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"I identify with the weak person; this is one reason why my fictional protagonists are essentially antiheroes."
- Philip K. Dick

Ram Field  
  A specialized version of the hydrogen-gathering field for a Bussard Ramjet.  

The Bussard Ramjet was proposed in 1960 by physicist Robert Bussard. However, author Larry Niven was given a suggestion by Frank Gasperik regarding a way to make the field more efficient.

" Ok, I'll make it quick. Let's look at what your RAM FIELD does. It picks up interstellar hydrogen in a path 3,000 miles across. It sweeps it in in via magnetic fields, pinches it together hard enough and long enough to produce some fusion. What comes out is helium and some leftover hydrogen and some higher order fusion products"

"Right."

"It is also a hot, fairly tight stream. Eventually it'll spread out into nothing, like any rocket exhaust. But suppose a ship were following you here." Brennan made pictures on the screen: two tiny ships, the second following one hundred miles behind the first. He spread a wide cone before the lead ship, converging it almost to a point behind the ship. A needle shape with the ship in it's point---the ship's protective shield---brought the incoming hydrogen into a ring shaped constriction.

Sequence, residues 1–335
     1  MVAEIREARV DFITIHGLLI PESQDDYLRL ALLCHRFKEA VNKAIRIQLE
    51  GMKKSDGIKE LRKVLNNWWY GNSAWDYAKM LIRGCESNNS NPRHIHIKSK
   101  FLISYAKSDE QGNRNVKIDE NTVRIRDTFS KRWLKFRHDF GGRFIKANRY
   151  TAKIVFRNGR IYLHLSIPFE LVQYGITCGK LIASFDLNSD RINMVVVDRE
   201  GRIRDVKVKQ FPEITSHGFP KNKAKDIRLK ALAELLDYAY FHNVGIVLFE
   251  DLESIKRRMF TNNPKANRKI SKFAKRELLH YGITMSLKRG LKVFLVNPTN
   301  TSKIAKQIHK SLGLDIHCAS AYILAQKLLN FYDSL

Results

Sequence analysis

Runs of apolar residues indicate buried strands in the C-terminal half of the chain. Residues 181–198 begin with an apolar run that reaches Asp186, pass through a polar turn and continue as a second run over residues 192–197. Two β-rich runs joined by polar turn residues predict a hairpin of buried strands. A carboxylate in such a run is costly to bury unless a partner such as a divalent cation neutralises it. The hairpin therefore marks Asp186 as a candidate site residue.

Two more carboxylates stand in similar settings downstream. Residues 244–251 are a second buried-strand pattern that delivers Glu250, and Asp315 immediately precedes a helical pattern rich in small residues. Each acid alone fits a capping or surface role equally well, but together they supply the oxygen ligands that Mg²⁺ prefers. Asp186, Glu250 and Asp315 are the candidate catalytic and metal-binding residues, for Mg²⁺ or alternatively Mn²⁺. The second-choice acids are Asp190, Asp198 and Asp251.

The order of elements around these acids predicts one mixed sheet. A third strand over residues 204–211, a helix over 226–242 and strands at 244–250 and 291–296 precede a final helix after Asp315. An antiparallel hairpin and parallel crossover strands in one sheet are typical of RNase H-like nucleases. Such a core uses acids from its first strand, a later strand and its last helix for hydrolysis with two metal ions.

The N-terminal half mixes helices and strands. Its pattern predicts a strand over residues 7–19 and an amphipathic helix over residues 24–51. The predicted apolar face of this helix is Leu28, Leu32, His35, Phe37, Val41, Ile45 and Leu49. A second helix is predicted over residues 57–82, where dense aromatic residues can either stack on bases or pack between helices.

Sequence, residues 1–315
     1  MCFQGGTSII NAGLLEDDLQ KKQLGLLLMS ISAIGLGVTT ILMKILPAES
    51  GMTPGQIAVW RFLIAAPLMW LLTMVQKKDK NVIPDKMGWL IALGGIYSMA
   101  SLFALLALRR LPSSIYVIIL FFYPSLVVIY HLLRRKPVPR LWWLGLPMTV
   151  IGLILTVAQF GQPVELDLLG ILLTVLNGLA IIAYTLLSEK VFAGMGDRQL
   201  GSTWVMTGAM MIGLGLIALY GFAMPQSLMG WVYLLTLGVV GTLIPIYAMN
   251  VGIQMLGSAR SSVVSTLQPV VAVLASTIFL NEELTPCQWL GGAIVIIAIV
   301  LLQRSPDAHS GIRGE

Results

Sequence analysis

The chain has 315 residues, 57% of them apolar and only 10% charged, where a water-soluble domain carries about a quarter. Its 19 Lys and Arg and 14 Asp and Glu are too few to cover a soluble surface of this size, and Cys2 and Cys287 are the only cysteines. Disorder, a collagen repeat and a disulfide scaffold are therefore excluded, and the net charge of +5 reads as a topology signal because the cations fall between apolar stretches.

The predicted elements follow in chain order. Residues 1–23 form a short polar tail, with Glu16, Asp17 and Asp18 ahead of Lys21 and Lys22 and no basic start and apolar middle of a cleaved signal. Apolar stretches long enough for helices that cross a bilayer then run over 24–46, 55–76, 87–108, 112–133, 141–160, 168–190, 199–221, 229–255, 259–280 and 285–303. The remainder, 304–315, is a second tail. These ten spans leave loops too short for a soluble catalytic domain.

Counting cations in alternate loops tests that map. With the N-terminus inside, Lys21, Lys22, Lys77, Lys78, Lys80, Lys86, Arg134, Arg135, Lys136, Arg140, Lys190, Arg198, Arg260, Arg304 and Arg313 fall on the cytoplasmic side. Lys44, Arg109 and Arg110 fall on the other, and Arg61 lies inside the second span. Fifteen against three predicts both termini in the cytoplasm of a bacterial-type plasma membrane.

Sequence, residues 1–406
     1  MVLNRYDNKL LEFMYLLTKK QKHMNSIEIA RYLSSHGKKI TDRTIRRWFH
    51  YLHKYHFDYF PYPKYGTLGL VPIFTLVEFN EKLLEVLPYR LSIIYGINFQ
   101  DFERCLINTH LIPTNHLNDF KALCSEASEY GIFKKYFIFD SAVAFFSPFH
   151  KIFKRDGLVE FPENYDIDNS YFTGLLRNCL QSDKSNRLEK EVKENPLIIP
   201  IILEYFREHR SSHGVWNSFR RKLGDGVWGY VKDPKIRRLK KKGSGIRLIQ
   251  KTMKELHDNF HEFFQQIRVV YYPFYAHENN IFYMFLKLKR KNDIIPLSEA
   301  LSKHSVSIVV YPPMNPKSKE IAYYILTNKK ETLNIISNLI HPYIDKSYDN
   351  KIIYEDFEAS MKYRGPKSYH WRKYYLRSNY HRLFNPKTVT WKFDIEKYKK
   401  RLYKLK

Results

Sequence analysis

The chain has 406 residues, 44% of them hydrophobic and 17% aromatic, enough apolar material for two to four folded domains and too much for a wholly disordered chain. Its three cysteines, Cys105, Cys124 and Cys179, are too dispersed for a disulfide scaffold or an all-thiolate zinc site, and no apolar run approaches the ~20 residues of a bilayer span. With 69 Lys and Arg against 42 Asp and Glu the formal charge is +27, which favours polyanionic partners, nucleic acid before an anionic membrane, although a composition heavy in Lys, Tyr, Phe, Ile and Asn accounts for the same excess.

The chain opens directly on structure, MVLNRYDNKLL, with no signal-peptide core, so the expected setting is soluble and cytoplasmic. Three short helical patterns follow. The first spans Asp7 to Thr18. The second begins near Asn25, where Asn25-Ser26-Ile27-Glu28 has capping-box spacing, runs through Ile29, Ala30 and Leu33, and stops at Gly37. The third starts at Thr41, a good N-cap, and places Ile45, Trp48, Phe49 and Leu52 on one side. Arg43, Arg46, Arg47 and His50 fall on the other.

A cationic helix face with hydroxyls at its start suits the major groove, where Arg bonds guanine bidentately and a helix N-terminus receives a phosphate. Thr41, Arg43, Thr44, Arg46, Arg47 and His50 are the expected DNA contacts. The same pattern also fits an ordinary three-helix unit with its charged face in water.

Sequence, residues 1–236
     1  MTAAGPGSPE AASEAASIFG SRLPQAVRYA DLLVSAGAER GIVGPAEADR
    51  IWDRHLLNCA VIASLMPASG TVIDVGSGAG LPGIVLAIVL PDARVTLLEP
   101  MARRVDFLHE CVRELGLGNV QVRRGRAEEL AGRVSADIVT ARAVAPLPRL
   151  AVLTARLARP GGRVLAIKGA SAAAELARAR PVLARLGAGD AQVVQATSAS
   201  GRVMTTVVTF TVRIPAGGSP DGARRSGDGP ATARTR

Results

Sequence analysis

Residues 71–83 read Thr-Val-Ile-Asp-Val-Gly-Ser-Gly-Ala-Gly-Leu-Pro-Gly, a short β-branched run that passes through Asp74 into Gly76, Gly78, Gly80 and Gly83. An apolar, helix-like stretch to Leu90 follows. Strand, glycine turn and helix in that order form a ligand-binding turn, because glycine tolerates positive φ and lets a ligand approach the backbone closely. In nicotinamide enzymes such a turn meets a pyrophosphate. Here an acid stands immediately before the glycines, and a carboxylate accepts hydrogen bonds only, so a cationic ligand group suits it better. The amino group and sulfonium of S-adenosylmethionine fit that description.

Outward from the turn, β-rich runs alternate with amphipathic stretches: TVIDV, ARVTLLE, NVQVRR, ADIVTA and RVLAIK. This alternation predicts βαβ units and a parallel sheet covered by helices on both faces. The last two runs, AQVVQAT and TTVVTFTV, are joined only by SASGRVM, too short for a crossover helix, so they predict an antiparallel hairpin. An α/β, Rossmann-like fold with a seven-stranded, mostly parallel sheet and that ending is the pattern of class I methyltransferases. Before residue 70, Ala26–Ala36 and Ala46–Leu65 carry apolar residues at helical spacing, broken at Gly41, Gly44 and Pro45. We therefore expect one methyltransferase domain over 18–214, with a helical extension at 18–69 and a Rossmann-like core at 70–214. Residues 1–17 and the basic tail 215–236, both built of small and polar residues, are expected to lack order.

"You're collecting the fuel for him. His ram field is only a hundred miles across---" Brennan drew a much narrower cone. "---and it gives him finer control over his fuel flow. It's already hot and dense. It burns better in higher-order fusion. The exhaust would be rich in beryllium."

"It's just one of the things those remaining Pak might have tried. The lead ship would be nothing but a ram; no onboard fuel, no insystem motor, no cargo. It would have to be towed up to ramscoop speed. The following ship is heaver, but gets more thrust."

"You think that's what's coming at us?"

"Maybe. There are other ways to work it. Two ships, held together by a gravity generator. In a pinch they could split up. Or the lead ship might be the ship proper, with the hind ship only an afterburner.. either way, I can find them. They'll produce beryllium frequencies like a neon sign on the sky. All I've got to do is build the detector."

Technovelgy from Protector, by Larry Niven.
Published by Del Rey in 1973
Additional resources -

See also the full entry for Bussard Ramjet.

Compare to the sweep field from Methuselah’s Children (1941) by Robert Heinlein and see also automatic refueling field from Biddiver (1941) by Theodore Sturgeon.

(Contributed by Frank Gasperik.)

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Additional resources:
  More Ideas and Technology from Protector
  More Ideas and Technology by Larry Niven
  Tech news articles related to Protector
  Tech news articles related to works by Larry Niven

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